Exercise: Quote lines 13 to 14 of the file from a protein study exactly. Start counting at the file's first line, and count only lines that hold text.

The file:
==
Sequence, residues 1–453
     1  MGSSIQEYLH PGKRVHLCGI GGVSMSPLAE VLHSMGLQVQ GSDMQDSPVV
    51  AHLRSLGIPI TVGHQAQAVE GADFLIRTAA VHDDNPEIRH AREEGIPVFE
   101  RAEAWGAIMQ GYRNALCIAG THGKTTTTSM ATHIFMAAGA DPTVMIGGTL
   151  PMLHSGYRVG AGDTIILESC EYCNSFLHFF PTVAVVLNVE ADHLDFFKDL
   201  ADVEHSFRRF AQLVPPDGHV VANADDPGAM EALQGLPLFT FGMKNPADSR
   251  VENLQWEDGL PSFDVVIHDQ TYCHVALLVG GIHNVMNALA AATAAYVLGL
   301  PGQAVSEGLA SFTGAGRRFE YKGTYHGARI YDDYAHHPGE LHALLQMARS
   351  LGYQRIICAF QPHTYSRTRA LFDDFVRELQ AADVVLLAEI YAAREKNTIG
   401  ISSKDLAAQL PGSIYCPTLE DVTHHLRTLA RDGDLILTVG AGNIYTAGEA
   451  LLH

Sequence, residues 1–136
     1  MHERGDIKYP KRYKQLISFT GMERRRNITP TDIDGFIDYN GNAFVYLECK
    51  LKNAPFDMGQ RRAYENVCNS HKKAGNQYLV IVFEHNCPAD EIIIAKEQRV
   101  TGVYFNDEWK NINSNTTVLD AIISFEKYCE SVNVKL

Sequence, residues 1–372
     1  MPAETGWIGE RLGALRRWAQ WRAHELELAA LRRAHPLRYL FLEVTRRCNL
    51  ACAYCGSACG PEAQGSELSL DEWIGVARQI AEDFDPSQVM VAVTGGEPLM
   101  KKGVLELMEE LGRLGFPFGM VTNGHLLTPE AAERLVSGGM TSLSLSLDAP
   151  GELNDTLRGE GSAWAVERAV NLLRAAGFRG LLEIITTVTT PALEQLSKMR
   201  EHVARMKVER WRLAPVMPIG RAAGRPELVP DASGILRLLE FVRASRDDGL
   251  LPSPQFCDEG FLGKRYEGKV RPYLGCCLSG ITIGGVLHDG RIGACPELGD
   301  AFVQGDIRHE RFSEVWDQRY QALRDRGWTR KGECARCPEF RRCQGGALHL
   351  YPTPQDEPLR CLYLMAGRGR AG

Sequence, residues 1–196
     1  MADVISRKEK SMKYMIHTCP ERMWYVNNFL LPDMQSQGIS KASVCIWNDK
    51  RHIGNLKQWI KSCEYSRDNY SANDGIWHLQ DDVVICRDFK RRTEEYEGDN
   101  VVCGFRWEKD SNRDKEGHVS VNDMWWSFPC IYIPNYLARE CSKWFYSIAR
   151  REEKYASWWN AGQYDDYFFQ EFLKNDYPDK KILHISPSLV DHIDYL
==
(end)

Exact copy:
     1  MHERGDIKYP KRYKQLISFT GMERRRNITP TDIDGFIDYN GNAFVYLECK
    51  LKNAPFDMGQ RRAYENVCNS HKKAGNQYLV IVFEHNCPAD EIIIAKEQRV